Student or Learner
Please, see example sentence:
One of the main attractions of Dahab are the unique on-the-ground restaurants.
The underlined plural (are), is that correct in the sentence? Why/why not? I think it's incorrect, but I want to be sure. The reason I think it's wrong is because of the "One of...." in the sentence.
Thanks for any help and insight you can provide. I want to crack this nut! I've been thinking about this one for the past hour!
You are right to feel this doesn't work. But rather than changing the verb, could you change the "one"? After all, if there are multiple restaurants, it's not one attraction.
Some of the main attractions are the restaurants. All plural.
I'm not a teacher, but I write for a living. Please don't ask me about 2nd conditionals, but I'm a safe bet for what reads well in (American) English.
Thanks so much for your input, five and Barb. It's much appreciated!! Your suggestions make a lot more sense and sound better, too. But, I am still wondering, if one can't change the sentence, would you write is or are?
I just really want to know this... Thanks!
***** NOT A TEACHER *****
(1) Both Moderator Barb and Teacher Fivejedon have given us
excellent advice: the best thing is to revise your sentence.
(2) BUT, yes, I believe that there is a rule that some native
(a) This is what the authors of Writing with a Purpose (Boston:
Houghton Mifflin, 1980) write:
The complement [the unique on-the-ground restaurants] of the
verb to be does NOT affect the number [singular or plural] of the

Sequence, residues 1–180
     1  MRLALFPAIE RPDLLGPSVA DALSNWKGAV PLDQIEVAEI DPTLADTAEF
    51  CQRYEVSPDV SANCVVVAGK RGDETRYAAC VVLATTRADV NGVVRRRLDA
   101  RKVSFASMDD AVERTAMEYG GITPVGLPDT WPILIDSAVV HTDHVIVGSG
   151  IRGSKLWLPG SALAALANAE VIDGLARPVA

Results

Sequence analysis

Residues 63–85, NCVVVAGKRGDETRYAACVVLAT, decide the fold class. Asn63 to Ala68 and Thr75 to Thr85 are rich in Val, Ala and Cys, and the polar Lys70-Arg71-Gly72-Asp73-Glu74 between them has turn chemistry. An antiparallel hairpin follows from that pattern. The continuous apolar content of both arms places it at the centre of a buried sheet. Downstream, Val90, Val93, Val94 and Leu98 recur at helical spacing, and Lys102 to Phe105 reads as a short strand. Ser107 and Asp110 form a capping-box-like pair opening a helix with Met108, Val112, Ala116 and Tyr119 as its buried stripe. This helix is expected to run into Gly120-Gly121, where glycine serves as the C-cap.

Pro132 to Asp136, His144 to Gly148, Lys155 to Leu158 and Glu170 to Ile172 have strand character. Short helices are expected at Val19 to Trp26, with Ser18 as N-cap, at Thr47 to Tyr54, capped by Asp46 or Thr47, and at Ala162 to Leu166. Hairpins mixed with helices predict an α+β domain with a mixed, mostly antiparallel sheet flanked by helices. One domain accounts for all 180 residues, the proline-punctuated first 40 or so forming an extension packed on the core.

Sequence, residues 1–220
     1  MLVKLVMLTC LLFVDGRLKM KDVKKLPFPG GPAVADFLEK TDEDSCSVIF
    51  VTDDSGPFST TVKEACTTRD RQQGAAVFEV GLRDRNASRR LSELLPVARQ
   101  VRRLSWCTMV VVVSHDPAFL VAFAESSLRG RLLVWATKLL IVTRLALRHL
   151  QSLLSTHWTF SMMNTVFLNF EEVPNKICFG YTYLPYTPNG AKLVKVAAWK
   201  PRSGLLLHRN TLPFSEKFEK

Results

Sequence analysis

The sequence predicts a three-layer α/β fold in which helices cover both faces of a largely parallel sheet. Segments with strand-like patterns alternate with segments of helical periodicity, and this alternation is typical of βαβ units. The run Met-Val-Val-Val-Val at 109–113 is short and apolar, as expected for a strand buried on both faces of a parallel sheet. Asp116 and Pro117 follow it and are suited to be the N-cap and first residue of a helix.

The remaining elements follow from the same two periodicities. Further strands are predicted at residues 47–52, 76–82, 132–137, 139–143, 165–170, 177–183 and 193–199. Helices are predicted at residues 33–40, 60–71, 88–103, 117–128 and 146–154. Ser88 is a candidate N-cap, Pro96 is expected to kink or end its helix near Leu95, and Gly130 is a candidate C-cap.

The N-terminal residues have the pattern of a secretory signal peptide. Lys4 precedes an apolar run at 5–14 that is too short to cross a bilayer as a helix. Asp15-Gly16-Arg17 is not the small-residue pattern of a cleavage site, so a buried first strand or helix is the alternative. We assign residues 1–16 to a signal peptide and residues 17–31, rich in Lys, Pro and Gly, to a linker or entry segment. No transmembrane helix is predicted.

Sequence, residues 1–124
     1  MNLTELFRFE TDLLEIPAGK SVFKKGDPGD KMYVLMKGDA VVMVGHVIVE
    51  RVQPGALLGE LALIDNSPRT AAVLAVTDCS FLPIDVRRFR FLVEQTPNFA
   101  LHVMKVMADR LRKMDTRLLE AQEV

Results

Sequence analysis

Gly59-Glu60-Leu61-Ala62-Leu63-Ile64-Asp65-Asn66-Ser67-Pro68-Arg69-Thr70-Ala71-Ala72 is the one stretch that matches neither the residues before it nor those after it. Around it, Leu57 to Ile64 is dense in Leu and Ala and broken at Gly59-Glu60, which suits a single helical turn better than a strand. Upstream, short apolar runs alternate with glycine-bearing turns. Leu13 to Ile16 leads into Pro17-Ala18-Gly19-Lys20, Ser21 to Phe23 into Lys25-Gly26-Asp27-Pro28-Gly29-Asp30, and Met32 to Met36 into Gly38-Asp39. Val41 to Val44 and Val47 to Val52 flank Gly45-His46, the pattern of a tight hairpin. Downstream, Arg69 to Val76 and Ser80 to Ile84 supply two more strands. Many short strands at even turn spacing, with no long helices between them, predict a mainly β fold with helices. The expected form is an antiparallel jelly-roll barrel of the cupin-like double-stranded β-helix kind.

(i) Thus, if your teacher wants you to follow the "rule," then the
"correct" answer is:
One [the subject] of the main attractions of Dahab is the unique on-
(ii) Here are two examples from that book:
Her chief source of enjoyment is books.
One thing you must be ready for is their attempts to break up the
Remember: The authors (Professors McCrimmon, Miller, and Salmon) agree
that if a sentence sounds "awkward" [not natural], it is better to rewrite it.
(3) There is a famous grammar book called A Comprehensive Grammar
of the English Language (New York: Longman, 1985). It is followed
by many teachers. In that book, Professors Quirk, Greenbaum, Leech, and
Svartvik say that many times both verbs (is or are) are "correct." Here
are their examples:
My only hope is/are my children.
More nurses is/are the next item on the agenda.
(4) Something very interesting. Your sentence sounds "awkward" with
is. But I think that I read somewhere that the shorter the sentence
the more acceptable it is to native speakers. So maybe (!!!) some
native speakers would accept:
One of Dahab's main attractions is the unique on-the-ground
(5) Bottom line:
(a) As the moderator and the teacher both said: your sentence should
(b) If you want a rule (for example, when you take a test at
school), then follow the rule that I cited above: to be agrees with
My favorite fruit is cherries. Cherries are my favorite fruit.
***** NOT A TEACHER *****
You are awesome, Parser!! Thanks so much for taking the time to give me such a lengthy explanation to my linguistic dilemma! The explanation you gave is awesome, and just what I was looking for. As soon as I have posted this, I will copy and paste your answer into my 'English grammar' document, so I can look it up whenever I need some guidance. You've managed to answer many of my questions and ponderings with your post, and I'm super grateful! Now I can have a good night's sleep.....Finally!